NASA bounced a laser off a cookie-sized device on the moon

The retroreflector on India's Vikram lander is only two inches wide.
Lunar Reconnaissance Orbiter concept art above moon
NASA's Lunar Reconnaissance Orbiter used its onboard laser array to reflect off India's Vikram lander. NASA

Despite some recent delays, NASA’s Artemis program is still largely on track to establish a permanent human presence on the moon. Artemis astronauts will rely on a lot of logistical information, both while traversing the lunar surface, as well as for the semi-regular traffic to and from Earth. To prepare for this, NASA is testing various tools to ensure a safe, precise, and reliable extended lunar stay for visitors—and one of the space agency’s most successful recent experiments harnessed a long-used tactic here on Earth to achieve a first for the moon.

According to NASA, its Lunar Reconnaissance Orbiter (LRO)—currently in moon’s orbit—recently aimed a laser altimeter approximately 100km (roughly 62 miles) away below at the Indian Space Research Organization’s (ISRO) Vikram lander, near the South Pole region’s Manzinus crater. After firing off a series of five pulses on December 12, 2023, the LRO then recorded the signal mirrored off a small retroreflector aboard Vikram, confirming the method’s first lunar success.

[Related: NASA delays two crewed Artemis moon missions.]

Measuring a laser’s return time from a retroreflector can help accurately estimate an object’s distance and location. Laser altimeters are often utilized to track satellites above Earth, albeit in the reverse of last month’s test; pulses usually fire from equipment on the surface towards orbital satellites, instead of the other way around. Retroreflectors were also used during Apollo missions to measure the moon’s distance from Earth—an expanse revealed to be growing 1.5 inches further every year.

The Apollo missions’ suitcase-sized reflectors were much larger than the one aboard Vikram, however. In comparison, the Laser Retroreflector Array housed on the Vikram lander is just a circular, 2-inch-diameter aluminum framework. No power source is needed to do its job—all it has to do is wait for lasers to bounce off any of its eight quartz-corner-cube prisms back to the beam’s source.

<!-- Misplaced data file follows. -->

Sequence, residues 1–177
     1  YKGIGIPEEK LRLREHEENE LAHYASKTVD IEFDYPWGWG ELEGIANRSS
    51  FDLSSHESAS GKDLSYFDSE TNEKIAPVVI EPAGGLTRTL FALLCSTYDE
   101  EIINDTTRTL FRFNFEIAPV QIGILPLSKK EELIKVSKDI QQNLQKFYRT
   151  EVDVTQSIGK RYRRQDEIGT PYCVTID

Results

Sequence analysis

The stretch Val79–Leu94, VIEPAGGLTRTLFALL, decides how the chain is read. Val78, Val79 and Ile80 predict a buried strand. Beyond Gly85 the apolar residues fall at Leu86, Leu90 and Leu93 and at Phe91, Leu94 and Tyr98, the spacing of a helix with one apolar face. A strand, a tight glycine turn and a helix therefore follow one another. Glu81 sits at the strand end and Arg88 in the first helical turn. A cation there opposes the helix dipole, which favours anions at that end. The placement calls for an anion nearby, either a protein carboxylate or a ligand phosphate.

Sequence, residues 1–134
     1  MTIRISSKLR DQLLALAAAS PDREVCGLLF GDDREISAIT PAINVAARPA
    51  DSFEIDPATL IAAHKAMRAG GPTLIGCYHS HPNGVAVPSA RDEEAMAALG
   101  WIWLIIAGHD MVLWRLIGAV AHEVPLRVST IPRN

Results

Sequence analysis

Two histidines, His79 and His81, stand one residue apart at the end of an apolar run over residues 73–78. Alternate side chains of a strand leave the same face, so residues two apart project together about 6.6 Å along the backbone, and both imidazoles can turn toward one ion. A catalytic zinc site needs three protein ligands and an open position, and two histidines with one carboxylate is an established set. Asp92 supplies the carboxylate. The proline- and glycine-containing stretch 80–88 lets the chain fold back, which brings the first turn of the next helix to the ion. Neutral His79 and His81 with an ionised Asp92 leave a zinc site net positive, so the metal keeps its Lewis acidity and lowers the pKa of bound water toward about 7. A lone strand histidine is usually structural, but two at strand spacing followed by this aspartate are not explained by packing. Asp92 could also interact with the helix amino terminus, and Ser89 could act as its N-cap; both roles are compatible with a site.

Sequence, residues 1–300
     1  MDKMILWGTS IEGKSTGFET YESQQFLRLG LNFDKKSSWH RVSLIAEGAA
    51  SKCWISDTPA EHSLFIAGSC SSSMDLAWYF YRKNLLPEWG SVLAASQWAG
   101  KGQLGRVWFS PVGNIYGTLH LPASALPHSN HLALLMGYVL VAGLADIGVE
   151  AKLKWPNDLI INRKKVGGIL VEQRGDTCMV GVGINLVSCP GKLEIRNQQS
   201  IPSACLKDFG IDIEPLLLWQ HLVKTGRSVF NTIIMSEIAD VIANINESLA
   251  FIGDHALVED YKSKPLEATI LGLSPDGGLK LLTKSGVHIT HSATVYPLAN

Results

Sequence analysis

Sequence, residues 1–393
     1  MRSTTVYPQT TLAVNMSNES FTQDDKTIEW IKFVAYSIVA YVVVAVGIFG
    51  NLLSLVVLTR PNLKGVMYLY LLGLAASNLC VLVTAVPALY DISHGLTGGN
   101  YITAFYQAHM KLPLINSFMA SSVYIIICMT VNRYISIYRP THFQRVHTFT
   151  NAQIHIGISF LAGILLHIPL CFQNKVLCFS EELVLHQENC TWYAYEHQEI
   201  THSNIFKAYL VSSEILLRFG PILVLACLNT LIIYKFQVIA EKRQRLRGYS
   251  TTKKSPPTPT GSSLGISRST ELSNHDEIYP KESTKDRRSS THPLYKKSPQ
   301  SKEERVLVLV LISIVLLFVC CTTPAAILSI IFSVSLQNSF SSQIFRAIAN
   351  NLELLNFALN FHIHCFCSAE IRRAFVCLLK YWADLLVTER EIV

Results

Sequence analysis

And speaking of waiting, there was quite a lot of it. LRO’s Lunar Orbiter Laser Altimeter (LOLA) emits pulses that only cover a 32-feet-wide portion of the moon’s surface. Gaps between each pulse ensured only a small chance actually hitting the retroreflector as the LRO traveled over the Vikram lander.

Only 2 inches, or 5 centimeters, wide, NASA's Laser Retroreflector Array has eight quartz-corner-cube prisms set into a dome-shaped aluminum frame. This configuration allows the device to reflect light coming in from any direction back to its source.
Only 2 inches, or 5 centimeters, wide, NASA’s Laser Retroreflector Array has eight quartz-corner-cube prisms set into a dome-shaped aluminum frame. This configuration allows the device to reflect light coming in from any direction back to its source. Credit: NASA’s Goddard Flight Center

“Altimeters are great for detecting craters, rocks, and boulders to create global elevation maps of the Moon. But they aren’t ideal for pointing to within one-hundredth of a degree of a retroreflector, which is what’s required to consistently achieve a ping,” NASA explained last week. Because of this, it took eight attempts to finally make contact with Vikram.

LRO’s altimeter is currently the only laser tool orbiting the moon, so many more will be needed to ensure consistent, accurate measurement readings from retroreflectors. Once those are in place, however, future laser systems could be used to help Artemis astronauts land in the near total lunar darkness, as well as mark locations of already landed spacecraft. Similar retroreflector arrays are currently employed to help cargo deliveries autonomously dock with the International Space Station. Think of them like tiny lunar air traffic controllers helping direct navigation and safety for astronauts. 

Until then, more retroreflectors are on their way—JAXA’s SLIM lander included one during its touchdown last week, and another is scheduled to be aboard a private company’s launch in mid-February.